Research reveals gendered trends in revenge porn crimes

  • Study by University of Exeter shows almost 3 in 4 victims are female
  • 9 out of 10 female victims suffer intimate image abuse
  • 9 out of 10 male victims suffer sextortion

Research funded by the Economic and Social Research Council (ESRC), as part of a collaboration between the University of Exeter, the Revenge Porn Helpline and Professionals Online Safety Helpline, has revealed a striking gender disparity in intimate image abuse crimes and calls for policy “to acknowledge this crime as a gendered, sexual offence”.

Based on data from the helplines, both operated by the South West Grid for Learning, the research explores the differing experience of men and women, and adults and young people, as victims of intimate image abuse. The main finding of the study shows that a disproportionate number of victims are female and that the crime is perpetrated in different ways according to the victim’s gender.

73% of callers to the Revenge Porn Helpline were female, 97% of whom reported intimate image abuse. Conversely, out of the 27% of male callers, 90% were the victims of sextortion.

What is revenge porn?

Revenge porn can generally be broken down into two categories.

Intimate image abuse – most commonly occurs following the dissolution of a romantic relationship as a way in which to control the victim or ‘punish’ them for leaving.

Sextortion – involves using sexually explicit content to financially blackmail victims and can be carried out by hackers or criminal gangs.

Both incidence and awareness of revenge porn crimes have increased since the Criminal Justice and Courts Act, 2015 made “the distribution of a private sexual image of someone without their consent and with the intention of causing them distress” a specific criminal offence. Several high-profile cases have been publicised in the media in recent years, including those involving celebrities and public figures.

Further findings in the research included that intimate image abuse can be categorised into two distinct ‘types’. Type one perpetrators are ex-partners from months, or even years, ago and share images anonymously with motivations unknown. Type two perpetrators are very recent ex-partners, often displaying a long history of abusive and controlling behaviour towards their victims.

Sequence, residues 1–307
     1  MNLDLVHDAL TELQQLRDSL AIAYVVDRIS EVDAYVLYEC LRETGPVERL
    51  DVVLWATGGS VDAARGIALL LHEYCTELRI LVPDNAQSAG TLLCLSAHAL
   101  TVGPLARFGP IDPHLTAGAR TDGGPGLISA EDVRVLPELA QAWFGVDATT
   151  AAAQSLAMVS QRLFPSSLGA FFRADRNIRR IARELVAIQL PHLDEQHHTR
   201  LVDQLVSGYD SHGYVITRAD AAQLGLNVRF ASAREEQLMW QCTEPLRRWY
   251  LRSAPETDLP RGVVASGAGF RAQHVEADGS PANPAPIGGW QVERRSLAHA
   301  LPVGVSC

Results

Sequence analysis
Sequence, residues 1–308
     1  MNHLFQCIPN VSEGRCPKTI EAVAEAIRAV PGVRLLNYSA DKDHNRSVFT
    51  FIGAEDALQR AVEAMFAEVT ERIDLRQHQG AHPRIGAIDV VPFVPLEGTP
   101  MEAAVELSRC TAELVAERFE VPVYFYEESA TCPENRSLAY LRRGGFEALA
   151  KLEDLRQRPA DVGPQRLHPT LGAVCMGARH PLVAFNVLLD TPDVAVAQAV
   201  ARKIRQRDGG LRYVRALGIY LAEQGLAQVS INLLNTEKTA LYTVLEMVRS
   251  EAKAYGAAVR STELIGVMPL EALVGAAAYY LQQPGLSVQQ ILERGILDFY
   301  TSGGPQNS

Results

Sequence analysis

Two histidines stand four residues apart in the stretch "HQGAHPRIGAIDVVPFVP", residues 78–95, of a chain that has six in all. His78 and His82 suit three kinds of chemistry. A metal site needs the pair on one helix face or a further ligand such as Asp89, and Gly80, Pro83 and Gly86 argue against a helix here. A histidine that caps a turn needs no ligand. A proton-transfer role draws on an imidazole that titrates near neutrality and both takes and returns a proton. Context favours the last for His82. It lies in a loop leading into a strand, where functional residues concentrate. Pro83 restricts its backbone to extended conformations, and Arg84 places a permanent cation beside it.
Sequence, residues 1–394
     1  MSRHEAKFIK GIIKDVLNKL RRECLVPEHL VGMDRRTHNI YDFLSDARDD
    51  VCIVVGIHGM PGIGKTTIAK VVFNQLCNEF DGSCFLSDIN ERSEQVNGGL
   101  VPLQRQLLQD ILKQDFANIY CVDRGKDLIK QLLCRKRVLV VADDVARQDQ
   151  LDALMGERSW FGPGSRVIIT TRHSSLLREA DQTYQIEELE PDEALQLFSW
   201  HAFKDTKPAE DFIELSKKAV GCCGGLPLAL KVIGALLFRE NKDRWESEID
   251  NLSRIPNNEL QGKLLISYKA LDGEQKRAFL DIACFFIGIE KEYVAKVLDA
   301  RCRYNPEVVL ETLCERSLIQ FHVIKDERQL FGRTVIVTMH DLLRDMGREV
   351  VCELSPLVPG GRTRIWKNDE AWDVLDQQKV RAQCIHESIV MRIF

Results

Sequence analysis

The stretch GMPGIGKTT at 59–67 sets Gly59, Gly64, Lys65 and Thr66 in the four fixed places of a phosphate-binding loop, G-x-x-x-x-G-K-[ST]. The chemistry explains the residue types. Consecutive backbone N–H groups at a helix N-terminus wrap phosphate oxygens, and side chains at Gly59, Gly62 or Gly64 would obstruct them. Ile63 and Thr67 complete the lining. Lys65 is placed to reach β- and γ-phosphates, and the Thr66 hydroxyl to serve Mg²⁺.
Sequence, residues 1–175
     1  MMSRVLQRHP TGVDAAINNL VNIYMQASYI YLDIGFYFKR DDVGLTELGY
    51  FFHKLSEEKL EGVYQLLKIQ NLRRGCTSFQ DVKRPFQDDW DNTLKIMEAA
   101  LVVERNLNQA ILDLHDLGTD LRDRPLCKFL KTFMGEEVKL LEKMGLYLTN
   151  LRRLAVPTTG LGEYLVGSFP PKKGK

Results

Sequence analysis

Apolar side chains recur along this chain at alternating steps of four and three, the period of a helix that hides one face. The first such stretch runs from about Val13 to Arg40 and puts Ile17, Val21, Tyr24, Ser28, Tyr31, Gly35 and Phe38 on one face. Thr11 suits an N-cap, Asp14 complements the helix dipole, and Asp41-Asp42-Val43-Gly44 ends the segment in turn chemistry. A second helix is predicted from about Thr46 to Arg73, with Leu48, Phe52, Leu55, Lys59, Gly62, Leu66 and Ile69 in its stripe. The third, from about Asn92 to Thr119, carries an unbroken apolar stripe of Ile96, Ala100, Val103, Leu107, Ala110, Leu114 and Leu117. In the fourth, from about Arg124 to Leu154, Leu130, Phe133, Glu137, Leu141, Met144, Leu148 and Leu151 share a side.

Infographic explaining 'Type 1' and 'Type 2' perpetrators of intimate image abuse

It was not just in perpetration and victimisation that a gender imbalance was evident. Male victims of sextortion reported feeling little shame and self-blame and were able to move on quickly from their experiences. Female victims of intimate image abuse, on the other hand, reported much longer-lasting social and emotional impacts, describing their experiences as sexually violating.

Elena Sharratt, PhD candidate at the University of Exeter and helpline practitioner at SWGfL, commented:

“The current laws surrounding intimate image abuse fail to acknowledge this crime as a gendered, sexual offence. Policy needs to be simplified and barriers to prosecution removed, including ‘the intention to cause distress’ as a prerequisite for prosecutions. Great strides have been made in recognising the severe social and mental harm intimate image abuse and sextortion can cause victims, but we need to do more before the legal process can be said to adequately support victims.”

Read the full research report to learn more about trends in intimate image abuse.

If you have been a victim of intimate image abuse and require free, non-judgemental, and confidential advice and support, contact the Revenge Porn Helpline.

0345 6000 459 (Mon-Fri 10am to 4pm) | help@revengepornhelpline.org.uk

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